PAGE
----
ORONO, Maine — Kendall James was moving a bit slowly Tuesday afternoon after taking a quick water break during football practice at the University of Maine.

James has endured his share of bumps and bruises as a three-year starter at cornerback for the Black Bears. But don’t let his perceived soreness fool you. Once the game begins, he gets the job done.

James will anchor the secondary Saturday afternoon when UMaine visits Gillette Stadium in Foxborough, Mass., for a 2 p.m. game against longtime rival Massachusetts.

“We’re excited,” said the fifth-year senior from Roselle, N.J. “There’s a lot of family coming and I know the defense is going to play well. It should be fun.”

James has been a fixture at corner since cracking the lineup in 2011. After redshirting as a freshman in 2009, he has played in 36 consecutive games.

That might help explain the aches and pains.

“When I have to sit still and watch things, I feel so stiff, but then when I get out there it’s like, OK, I’m back,” James said with a laugh.

“I’ve been blessed to see all the games so far. Knock on wood, I can finish off strong the rest of these,” he added.

The 6-foot, 177-pound player is among the fastest on the team. That enables him to keep up with opponents’ top wide receivers.

His speed and experience are critical because of his assignments in the secondary.

“The kid can run,” said UMaine head coach Jack Cosgrove.

“He plays our ‘field’ corner, our cover guy, our out-in-space guy,” he added.

As such, James is usually on the wide side of the field, playing somebody one-on-one.

“That’s why we put our best player out there, because he’s got a lot of space to cover,” said UMaine defensive coordinator Paul Ferraro. “When he’s playing off [his man] and the ball’s thrown, he’s got to close and be able to make a tackle, or that guy’s running down the sideline.”

As a sophomore, James was named to the All-Colonial Athletic Association third team after making 50 tackles with three interceptions, a forced fumble and a fumble recovery. Last fall, he racked up 45 tackles with three interceptions and two forced fumbles.

His coaches are quick to point out James also is a dependable tackler.

“I think the thing that’s really stood out is he’s developed a taste for the physical side of the game,” Cosgrove said. “He’s become much more talented as a run-support guy on the edge.”

That growth has been derived from added experience and hard work in the weight room. James arrived at UMaine at about 150 pounds.

“I didn’t have to do much tackling in high school,” said James, who chose UMaine over Stony Brook and also was recruited by Northern Iowa and Cornell.

His size was of concern to many recruiters during his career at Union County Academy of Information and Technology.

“They said I was too small,” James said. “I knew I was small, but I’ve always held my ground.”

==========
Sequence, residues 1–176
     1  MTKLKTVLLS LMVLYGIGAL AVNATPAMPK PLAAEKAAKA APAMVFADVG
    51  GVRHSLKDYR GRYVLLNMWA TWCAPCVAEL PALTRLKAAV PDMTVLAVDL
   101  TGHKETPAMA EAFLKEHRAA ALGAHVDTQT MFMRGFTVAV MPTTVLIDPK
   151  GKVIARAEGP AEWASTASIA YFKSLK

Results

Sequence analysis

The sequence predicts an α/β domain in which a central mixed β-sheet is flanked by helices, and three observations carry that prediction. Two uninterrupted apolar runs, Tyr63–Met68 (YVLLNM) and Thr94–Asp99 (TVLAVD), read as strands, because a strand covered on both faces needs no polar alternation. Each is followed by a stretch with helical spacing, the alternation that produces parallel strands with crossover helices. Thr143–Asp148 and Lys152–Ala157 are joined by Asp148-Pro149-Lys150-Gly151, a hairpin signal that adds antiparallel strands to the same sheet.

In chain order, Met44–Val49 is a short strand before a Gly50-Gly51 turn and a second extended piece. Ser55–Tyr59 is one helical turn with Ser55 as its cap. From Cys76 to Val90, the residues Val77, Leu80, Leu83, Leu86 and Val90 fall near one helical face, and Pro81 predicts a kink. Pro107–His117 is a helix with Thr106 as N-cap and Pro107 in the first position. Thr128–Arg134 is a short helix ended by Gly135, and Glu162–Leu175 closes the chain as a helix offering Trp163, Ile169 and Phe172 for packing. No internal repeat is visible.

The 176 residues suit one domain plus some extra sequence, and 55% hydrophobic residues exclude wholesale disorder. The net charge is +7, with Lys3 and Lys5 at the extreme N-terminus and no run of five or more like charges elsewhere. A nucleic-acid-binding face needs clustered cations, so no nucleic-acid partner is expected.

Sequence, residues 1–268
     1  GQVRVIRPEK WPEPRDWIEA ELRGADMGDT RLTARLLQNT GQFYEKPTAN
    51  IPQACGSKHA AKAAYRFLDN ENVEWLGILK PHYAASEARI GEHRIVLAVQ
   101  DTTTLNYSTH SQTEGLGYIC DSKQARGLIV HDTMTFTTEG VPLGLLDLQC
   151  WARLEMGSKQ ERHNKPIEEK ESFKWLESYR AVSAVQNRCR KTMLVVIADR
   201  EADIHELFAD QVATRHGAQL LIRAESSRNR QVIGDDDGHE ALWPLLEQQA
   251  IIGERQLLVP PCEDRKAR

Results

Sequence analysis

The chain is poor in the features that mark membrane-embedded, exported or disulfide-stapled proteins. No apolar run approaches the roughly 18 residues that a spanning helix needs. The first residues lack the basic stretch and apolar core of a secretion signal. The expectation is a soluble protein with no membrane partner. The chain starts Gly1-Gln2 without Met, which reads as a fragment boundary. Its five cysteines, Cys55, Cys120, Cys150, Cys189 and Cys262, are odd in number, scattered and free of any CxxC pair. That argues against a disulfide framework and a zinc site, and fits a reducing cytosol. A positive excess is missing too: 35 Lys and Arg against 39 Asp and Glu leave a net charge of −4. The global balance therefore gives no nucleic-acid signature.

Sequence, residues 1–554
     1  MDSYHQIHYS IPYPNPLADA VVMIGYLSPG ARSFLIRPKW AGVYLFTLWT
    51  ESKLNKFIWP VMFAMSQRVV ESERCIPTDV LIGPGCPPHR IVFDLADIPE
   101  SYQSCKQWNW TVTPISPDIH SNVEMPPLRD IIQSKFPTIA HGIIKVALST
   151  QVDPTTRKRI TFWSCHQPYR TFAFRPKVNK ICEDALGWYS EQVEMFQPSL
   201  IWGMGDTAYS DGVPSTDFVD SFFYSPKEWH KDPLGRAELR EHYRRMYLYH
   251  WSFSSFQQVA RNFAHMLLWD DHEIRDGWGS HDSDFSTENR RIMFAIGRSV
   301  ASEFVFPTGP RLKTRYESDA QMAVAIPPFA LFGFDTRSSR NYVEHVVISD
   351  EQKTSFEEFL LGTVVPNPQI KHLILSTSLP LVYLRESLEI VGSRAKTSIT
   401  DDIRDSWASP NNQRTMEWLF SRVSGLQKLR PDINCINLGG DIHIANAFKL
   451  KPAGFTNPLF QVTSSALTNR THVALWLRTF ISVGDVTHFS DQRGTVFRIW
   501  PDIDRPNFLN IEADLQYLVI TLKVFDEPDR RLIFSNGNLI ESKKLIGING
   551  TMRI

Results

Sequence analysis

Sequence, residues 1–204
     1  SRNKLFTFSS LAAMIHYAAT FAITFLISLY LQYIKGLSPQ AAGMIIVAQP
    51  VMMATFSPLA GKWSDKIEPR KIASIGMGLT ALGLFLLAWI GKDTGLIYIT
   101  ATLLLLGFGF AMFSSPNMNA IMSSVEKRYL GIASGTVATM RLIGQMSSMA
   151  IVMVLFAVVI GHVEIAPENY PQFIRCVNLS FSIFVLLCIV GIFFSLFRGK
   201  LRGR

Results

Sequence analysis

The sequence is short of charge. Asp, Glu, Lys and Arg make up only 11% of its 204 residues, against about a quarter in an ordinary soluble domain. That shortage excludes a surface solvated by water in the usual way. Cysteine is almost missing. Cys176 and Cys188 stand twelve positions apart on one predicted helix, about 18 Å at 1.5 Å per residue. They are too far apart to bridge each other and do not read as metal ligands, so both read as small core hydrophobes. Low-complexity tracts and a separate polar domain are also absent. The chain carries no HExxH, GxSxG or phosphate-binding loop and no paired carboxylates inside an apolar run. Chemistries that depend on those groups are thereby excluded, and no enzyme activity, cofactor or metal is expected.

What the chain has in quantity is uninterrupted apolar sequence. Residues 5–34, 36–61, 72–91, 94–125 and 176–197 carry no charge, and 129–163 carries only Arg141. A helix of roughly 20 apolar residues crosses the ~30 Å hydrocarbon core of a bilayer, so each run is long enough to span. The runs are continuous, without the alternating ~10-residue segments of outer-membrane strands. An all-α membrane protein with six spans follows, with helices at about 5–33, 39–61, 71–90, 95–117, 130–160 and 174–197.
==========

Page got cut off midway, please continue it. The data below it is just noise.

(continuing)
His physical development began during his freshman season. Cosgrove pointed out players who redshirt generally are more productive once they get on the field later.

James struggled at the time with not playing, but relied on some fellow New Jersey teammates, including Troy Eastman, to help him get through.

James has become a prototype of sorts for Black Bear cornerbacks.

“If we’re out recruiting, we’re looking for Kendall James,” Ferraro said. “He’s got the speed, he’s got the quickness, and he’s as good a tackler as I’ve been around at that position.”

James also has shown a flair for the dramatic, ripping off a 100-plus-yard interception return for a touchdown last season at Bryant.

Despite seeing full-time duty at corner, James is become a key member of UMaine’s kickoff and punt teams. In last week’s opener at Norfolk State, James dropped a returner in his tracks at the 5-yard line after a 58-yard punt by Jeff Ondish.

“He’s done a really good job for us the last couple years on special teams in some key areas on kickoffs and as a gunner on punt team,” Cosgrove said.

James, the son of Leslie James and Patricia Ryans-James, said he got his speed from his mother. He credits his father with providing important guidance and coaching during his youth, especially in basketball.

“He was hard on me, but he definitely helped me out a lot,” James said.

James, a three-year starter at point guard in high school who earned all-county defensive honors, spent time this summer working UMaine’s basketball camps.

He started playing football early, but his confidence and career were derailed three or four years after he suffered a broken leg as a third-grader.

James said one of his younger sisters, Kaprice, who is a sophomore sprinter and hurdler at Rutgers, is probably the best athlete in the family.

James graduated from UMaine last spring with a degree in business administration (management). He is in graduate school and hopes one day to become an athletic administrator at the high school or college level.

“Right now, I’m just focused on football,” he said.

Pete Warner

Pete graduated from Bangor High School in 1980 and earned a B.S. in Journalism (Advertising) from the University of Maine in 1986. He grew up fishing at his family's camp on Sebago Lake but didn't take...